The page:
Throughout the book of Hebrews we have learned a good deal about God’s holiness. The sobriety of the warnings, the gravity of Christ’s sacrifice should remind us that God is a consuming fire. Yet I hope we have also learned much about God’s love.
Israel’s Oppression and Conviction [1-10]
This section may be chiastically arranged, with the stress laid on the Israelite’s crying out to the Lord.
- The people’s disobedience is stated 
- The Lord punishment of Israel (Midian) [2-5]
- The people cry out [6-7]
- The Lord’s prosecution of Israel (Egypt) [8-10a]
· The people’s disobedience is stated [10b]
Israel is severely punished. They cower in caves, as if death has come upon them and they are already in a grave of sorts. They are swarmed by man-locusts causing the death of their economy. The people were dead in their sins and suffering wages of sin (death).
Note: Sin is called “evil in sight of the Lord.” No attempt is to downplay the character or nature of sin. Sin is portrayed in all its vile wretchedness. Man would like to brighten it up and, if he would talk about it, do so in more cheery terms (shortcomings, faults, etc). Scripture would have us see it as God does though.
The crying out of the people brings the Lord’s word. It is a stinging word, but a necessary and gracious word. It is a gracious word because it echoes past graces. But it is a necessary word because it reminds them of how evil their apostasy is. They’ve sinned against grace. They’ve been unfaithful.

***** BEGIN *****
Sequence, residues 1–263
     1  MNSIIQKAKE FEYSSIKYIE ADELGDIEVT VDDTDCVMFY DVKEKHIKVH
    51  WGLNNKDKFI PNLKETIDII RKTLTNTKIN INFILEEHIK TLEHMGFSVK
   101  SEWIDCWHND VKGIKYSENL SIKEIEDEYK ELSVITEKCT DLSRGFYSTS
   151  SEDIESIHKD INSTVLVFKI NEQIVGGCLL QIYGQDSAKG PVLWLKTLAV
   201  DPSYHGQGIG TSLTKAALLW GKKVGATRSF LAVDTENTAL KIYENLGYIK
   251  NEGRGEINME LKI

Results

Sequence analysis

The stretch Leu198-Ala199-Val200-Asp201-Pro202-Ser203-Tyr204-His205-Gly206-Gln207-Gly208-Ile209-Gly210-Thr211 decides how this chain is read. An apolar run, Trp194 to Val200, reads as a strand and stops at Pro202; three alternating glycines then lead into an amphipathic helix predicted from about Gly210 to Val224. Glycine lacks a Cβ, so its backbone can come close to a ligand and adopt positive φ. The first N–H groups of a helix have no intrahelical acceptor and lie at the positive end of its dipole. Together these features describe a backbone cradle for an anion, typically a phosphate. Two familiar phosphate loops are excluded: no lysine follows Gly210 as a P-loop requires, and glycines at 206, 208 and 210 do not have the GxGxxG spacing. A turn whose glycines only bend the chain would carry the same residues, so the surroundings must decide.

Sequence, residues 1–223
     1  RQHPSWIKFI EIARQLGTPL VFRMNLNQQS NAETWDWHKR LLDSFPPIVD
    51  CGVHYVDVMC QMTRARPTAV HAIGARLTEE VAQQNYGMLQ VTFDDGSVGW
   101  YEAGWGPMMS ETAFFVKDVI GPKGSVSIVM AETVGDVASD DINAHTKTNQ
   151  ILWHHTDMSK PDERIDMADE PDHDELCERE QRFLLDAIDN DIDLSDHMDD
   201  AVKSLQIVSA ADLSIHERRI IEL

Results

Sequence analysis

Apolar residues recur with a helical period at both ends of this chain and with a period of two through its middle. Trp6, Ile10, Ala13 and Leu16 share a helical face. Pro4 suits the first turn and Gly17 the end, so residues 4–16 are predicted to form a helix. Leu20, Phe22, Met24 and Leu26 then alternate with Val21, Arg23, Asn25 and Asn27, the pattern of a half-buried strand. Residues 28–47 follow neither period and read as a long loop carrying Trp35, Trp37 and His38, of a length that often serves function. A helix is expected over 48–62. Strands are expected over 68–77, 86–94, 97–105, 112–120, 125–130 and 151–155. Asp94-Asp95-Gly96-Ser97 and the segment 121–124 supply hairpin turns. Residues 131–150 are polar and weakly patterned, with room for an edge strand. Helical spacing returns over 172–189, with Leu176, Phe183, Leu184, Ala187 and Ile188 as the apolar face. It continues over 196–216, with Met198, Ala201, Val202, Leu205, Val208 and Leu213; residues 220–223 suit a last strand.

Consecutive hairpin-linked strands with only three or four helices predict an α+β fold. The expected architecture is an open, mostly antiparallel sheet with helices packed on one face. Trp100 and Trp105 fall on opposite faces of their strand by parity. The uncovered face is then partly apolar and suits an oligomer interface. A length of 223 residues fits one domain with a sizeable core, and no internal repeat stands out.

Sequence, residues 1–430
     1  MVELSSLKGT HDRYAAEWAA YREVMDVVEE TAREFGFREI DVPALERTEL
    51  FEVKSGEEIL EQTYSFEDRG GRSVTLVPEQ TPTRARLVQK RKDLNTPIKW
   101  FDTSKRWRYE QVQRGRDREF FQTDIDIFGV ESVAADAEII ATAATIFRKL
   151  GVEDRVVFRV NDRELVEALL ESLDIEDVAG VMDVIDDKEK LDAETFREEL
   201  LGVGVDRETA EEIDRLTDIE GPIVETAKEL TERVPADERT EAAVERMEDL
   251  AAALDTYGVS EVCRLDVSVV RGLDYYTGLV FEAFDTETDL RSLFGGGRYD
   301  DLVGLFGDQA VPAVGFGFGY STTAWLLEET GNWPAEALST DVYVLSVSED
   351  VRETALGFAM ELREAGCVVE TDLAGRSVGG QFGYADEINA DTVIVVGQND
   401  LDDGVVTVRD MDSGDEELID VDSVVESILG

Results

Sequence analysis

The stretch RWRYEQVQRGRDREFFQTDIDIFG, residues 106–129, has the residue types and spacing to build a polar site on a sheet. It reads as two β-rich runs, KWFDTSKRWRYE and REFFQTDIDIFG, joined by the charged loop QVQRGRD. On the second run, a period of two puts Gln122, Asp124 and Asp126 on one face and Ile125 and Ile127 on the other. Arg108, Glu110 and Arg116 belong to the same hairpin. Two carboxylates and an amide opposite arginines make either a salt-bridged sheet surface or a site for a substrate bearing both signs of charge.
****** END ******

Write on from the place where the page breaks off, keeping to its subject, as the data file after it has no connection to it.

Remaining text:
Remember, the crying out doesn’t necessarily mean repentance. They are sad and sorrowed, but not repentant. They are only missing the blessings of God. They hate the tyranny and want the good times of freedom back, but not necessarily the God of that freedom.
The call of Gideon [11-18]
This section is chiastically arranged, with the stress on the angel’s speech in verse 14.. The following pattern may be witnessed:
• Angel Appears 
• “The Lord is with you” 
• Gideon speaks of nation’s weakness 
• The Lord turns to him; charges him; sends him 
• Gideon speaks of his weakness 
• “I will be with you.” 
• Angel Stays [17-18]
Gideon states the problem succinctly: He and Israel are weak & worthless. They have no power to accomplish the Lord’s salvation in and of themselves. The passage though reminds us that salvation is always “of the Lord.”
At the very first we see the angel initiates things. God acts first in deliverance of his people. Then we are twice told where the power for salvation lies “the Lord is with you.” This is the Immanuel principle. Christ comes to us and abides with us, enabling.
The central point of the text is key. First, the angel turns to Gideon. Was he facing away? Or is he simply trying to remind us that God’s favor has turned to us? What ills have you when God turns towards you and makes his face to shine upon you?
Secondly, we hear the angel’s charge: “Go in this might of yours.” This may be confusing because Gideon has just confessed his (and his nation’s) powerlessness. But this is exactly where true spiritual strength lies: in our humility. Paul would confess, “His power is make perfect in weakness.” Indeed, humility takes more power than pride. Confessing one’s weakness is where God’s strength will be most vividly demonstrated.
Gideon’s Sign of Assurance [19-24]
God did not have to wait, but he accommodated himself to Gideon’s weakness. He provided a demonstration of his power in order to assure weak Gideon.
God has provided us with sensible signs too, for the purpose of bolstering our faith. In baptism and the Lord’s Supper he speaks to our weakness and assures us of his saving promise.
Gideon’s offering is a peace offering, but it does not bring peace. He is terrified. Perhaps Gideon was testing to see if it was really the Lord. Once he “gets the picture” he realizes what has happened. God
This passage may also be chiastically arranged:
• An offering of peace to the Lord 
• The Angel of the Lord acts 
• Fire springs up angel vanishes